I know, it looks like a lot of damage, but this kind of lock doesn't open that way.
You're sure? We tried to replicate the damage.
Remember that commercial where they shoot a bullet through the lock? Hmm.
Truth in advertising, huh? The only way to break one of these things is to sever the shackle inside.
Otherwise, it's not gonna open.
So, whoever damaged the lock already had it open.
This isn't a good time to be doing this.
BRISCOE: We apologize.
Uh, there's just a couple of things we need to ask you.
Well, we're sitting Shiva here because Saul's wife is in no condition to do it by her.
BRISCOE: That's very nice of you.
It wasn't even a question.
There's some indication that this is an inside job.
I don't believe it.
ED: Whoever accessed the basement had a key.
It's possible the key got lifted, no? We know something? Nothing.
Uh, this is my wife.
How do you do? You okay here? Fine.
Would, uh, would they like something? ED: No, nothing.
Thank you.
If you could provide us with a list of your employees, that would give us a starting point.
What, they think it was someone from the store? They don't think anything.
They're investigating, that's all.
Yeah, the bookkeeper was busted for marijuana possession.
How long ago? Hmm.
Well, here s somethin a little bit more promising.
Sal Bonafiglio, arrested five times, three times for burglary.
Did a pound at Dannemora.
So, you're sayin' you like him better than the bookkeeper? ED: See, Sal, whoever broke into the store worked in the store.
Now, you work there in the stock room, and you have felonies on your record.
It's been three years since my last arrest, all right? Mmm-hmm.
Two of which you were in jail.
Burglary three, burglary three, burglary two, and then just for variety, there's mail fraud.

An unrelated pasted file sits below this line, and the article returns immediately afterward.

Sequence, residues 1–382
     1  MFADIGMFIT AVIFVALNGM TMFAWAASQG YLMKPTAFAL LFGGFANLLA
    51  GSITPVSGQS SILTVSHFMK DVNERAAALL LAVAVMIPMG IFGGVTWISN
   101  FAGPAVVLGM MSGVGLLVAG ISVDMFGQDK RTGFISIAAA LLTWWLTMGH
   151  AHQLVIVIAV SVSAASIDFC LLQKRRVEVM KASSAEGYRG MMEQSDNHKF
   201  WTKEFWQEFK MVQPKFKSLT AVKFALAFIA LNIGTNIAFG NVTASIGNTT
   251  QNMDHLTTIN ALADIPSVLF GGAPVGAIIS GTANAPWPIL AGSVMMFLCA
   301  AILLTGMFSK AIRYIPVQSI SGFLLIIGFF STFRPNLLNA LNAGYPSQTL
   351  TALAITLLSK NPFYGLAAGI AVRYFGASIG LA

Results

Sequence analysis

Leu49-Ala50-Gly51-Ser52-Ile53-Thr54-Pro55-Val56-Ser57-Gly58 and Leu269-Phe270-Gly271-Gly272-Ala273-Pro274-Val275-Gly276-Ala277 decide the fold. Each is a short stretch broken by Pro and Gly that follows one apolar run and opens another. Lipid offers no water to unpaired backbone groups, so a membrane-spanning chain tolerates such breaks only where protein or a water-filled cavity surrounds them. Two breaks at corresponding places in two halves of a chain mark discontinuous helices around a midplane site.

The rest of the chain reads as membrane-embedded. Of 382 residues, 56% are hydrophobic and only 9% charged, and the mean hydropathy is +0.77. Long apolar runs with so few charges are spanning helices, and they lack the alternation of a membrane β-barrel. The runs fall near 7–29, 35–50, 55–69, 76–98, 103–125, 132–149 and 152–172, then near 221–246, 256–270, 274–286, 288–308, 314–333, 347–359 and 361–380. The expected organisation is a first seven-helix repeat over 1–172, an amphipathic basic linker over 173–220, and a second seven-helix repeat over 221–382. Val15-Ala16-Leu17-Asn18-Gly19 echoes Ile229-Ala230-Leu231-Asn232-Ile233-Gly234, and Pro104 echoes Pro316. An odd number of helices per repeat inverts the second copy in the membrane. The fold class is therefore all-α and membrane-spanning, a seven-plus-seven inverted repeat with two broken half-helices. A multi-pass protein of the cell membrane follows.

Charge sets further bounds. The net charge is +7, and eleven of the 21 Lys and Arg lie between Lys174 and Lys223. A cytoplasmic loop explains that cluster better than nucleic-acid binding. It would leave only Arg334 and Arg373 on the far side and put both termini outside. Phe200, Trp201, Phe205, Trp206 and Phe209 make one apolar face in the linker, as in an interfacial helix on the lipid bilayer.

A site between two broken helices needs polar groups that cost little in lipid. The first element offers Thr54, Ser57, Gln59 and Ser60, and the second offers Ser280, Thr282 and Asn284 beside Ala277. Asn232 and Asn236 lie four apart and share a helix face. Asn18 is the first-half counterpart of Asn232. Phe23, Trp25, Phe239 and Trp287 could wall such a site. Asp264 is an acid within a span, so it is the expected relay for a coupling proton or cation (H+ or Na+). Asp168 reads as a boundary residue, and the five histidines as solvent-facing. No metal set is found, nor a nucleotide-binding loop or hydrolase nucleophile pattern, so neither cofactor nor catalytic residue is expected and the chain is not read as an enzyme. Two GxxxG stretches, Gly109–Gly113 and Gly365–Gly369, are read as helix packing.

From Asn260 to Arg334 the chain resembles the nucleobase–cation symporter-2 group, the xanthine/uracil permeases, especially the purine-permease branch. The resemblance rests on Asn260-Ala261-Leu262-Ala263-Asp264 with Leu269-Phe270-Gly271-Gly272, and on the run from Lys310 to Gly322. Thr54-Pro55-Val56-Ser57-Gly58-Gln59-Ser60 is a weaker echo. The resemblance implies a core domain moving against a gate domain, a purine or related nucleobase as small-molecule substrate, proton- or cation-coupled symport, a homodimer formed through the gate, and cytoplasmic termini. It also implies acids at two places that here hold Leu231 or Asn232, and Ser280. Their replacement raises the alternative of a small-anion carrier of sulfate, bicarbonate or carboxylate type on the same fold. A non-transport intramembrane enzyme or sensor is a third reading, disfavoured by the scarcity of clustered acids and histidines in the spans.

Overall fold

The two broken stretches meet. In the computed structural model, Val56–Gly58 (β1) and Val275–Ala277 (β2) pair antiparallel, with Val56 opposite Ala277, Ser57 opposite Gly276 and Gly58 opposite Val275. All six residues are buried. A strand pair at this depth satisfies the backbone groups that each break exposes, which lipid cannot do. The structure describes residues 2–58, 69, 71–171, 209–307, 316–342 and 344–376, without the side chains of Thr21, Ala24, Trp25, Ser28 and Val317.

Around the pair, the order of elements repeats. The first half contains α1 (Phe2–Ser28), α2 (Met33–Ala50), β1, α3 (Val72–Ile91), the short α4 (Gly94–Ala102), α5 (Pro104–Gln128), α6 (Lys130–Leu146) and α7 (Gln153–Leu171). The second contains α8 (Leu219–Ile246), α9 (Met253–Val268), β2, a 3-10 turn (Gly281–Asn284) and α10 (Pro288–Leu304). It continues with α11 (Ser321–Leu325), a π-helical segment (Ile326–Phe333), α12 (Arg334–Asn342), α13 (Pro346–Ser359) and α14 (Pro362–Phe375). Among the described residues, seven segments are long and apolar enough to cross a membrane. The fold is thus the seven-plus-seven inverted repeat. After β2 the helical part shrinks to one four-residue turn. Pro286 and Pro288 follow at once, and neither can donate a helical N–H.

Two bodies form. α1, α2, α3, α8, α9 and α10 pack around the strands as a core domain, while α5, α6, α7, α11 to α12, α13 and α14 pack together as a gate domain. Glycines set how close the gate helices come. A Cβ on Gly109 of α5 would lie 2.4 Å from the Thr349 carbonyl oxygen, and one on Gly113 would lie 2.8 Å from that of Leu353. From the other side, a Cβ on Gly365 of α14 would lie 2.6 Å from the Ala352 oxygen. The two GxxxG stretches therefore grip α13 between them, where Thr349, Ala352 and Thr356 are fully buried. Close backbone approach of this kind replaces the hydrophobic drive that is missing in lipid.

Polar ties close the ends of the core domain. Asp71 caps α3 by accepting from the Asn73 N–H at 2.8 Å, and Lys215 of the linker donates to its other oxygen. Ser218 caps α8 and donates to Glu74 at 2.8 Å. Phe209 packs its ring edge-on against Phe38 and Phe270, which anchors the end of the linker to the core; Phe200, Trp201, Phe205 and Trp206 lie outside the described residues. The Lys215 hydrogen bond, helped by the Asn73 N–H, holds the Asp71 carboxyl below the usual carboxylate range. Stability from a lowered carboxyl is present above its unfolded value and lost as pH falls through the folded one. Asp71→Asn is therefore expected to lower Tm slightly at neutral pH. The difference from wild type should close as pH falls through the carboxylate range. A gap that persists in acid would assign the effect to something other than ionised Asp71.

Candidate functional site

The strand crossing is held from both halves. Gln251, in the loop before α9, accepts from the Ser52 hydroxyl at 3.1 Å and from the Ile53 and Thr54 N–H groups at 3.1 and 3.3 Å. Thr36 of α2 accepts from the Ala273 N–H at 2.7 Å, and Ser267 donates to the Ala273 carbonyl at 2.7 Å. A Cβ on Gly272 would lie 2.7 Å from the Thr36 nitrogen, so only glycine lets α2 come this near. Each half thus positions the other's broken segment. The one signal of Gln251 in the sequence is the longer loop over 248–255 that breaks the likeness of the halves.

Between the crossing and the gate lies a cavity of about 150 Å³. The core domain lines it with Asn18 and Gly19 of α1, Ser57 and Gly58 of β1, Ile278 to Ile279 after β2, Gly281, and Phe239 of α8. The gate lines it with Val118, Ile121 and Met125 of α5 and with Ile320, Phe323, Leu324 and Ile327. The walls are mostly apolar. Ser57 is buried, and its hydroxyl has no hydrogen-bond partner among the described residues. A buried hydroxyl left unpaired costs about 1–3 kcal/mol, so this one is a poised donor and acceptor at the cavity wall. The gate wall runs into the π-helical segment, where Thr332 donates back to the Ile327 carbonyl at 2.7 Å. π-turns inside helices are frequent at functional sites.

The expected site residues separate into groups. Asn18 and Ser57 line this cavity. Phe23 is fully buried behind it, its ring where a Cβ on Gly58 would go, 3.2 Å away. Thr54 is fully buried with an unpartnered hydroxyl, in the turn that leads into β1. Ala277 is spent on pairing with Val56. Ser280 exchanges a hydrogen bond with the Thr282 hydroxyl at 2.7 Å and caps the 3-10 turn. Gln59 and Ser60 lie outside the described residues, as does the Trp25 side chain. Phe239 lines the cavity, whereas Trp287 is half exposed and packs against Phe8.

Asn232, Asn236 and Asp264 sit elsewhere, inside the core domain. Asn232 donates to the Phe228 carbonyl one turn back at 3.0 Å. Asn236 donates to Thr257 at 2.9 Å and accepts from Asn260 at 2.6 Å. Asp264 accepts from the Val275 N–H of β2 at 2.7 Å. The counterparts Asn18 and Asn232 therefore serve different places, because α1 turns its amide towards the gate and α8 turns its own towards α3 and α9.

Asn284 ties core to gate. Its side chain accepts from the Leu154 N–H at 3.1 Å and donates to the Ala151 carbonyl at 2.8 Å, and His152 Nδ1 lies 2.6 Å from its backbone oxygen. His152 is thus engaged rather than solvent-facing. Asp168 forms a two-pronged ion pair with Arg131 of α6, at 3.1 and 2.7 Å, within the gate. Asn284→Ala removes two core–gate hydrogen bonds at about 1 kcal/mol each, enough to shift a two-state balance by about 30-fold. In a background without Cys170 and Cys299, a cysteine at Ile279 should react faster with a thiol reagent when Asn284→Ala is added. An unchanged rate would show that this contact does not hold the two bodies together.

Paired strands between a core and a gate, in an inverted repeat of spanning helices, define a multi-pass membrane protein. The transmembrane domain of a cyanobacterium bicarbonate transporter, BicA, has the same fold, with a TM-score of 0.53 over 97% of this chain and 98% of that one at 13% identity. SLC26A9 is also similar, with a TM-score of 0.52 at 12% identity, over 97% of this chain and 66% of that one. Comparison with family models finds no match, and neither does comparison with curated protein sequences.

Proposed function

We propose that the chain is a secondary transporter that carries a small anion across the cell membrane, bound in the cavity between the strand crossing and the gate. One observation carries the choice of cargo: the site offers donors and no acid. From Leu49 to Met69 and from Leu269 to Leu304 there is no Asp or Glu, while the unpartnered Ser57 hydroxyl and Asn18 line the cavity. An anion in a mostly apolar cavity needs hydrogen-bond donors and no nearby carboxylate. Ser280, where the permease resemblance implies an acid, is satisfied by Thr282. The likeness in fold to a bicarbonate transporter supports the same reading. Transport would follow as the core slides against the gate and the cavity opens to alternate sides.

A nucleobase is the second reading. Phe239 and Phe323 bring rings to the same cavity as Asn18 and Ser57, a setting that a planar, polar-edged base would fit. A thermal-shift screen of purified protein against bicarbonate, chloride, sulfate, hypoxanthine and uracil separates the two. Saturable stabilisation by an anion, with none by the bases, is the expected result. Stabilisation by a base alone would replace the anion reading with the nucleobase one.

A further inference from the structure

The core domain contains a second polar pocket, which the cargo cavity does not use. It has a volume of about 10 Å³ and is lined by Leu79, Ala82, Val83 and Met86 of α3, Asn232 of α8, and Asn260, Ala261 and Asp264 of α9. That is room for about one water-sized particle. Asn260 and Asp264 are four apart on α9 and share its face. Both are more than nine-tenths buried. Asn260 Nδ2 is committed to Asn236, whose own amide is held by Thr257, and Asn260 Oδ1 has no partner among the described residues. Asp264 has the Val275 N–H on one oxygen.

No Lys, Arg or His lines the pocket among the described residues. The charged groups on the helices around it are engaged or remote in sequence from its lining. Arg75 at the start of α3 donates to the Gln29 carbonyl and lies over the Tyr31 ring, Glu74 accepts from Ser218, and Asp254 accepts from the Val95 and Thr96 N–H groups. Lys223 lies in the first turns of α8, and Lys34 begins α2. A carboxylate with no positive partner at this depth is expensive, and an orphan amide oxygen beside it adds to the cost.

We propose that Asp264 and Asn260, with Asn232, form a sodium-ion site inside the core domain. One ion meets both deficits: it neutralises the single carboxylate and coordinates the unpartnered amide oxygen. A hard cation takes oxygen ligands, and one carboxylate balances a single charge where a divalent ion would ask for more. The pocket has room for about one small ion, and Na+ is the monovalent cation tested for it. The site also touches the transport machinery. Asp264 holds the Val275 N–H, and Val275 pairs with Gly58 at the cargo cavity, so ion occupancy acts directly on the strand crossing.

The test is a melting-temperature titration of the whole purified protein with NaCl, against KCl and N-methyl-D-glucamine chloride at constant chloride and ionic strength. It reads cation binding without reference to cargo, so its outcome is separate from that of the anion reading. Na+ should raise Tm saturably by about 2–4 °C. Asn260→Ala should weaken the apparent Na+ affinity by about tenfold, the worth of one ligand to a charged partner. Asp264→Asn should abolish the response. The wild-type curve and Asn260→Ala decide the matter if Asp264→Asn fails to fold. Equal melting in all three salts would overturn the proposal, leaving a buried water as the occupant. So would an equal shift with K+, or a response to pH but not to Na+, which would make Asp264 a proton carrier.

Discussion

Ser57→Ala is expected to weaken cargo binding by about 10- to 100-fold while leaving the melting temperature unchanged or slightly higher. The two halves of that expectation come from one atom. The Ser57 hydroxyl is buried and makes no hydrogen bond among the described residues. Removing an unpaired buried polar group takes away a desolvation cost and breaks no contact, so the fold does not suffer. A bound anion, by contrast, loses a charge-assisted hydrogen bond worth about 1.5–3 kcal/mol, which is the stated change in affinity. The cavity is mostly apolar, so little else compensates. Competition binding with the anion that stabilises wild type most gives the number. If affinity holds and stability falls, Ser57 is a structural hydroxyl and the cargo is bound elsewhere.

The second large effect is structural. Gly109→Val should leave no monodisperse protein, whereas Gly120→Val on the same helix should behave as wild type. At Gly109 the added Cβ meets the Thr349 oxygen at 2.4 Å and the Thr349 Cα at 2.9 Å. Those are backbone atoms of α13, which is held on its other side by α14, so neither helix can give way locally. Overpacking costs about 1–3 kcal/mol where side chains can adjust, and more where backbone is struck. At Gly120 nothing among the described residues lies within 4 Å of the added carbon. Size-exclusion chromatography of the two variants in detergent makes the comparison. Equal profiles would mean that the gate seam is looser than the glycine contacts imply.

Excuse me, but that was reversed on appeal.
Duly noted.
Look, I got nothin' to do with this, you guys.
I never whacked anybody in my life.
Hey, maybe you went to rob the place, and you didn't know Saul was gonna be there.
Now, tell me the truth, is this because my last name ends in a vowel? Maybe you didn't mean to rob the place.
Maybe you went there for legitimate reasons.
Caplan thinks you're gonna rob him and he comes after you, you defend yourself.
Hey, maybe I get drafted by the Giants to play linebacker.
What is it with you guys and the maybes? Where were you Thursday night between 10:00 and 1:00? I was with my nephew in Uniondale.
Whether this guy's alibi checks out or not, he's involved.
Well, he never used a gun before.
Why does he use one this time? Well, maybe he didn't.
Well, check his incident reports.
See who his partners-in-crime were.
B and E in Westchester.
Perp had apparently gained access to house by searching for keys under doormats.
Partner backed truck into the garage door.
What's the partner's name? Eddie Novello.
I just saw that name.
Uh "Assaulted a security guard with a crowbar" "when he and an accomplice were fleeing the scene of the burglary.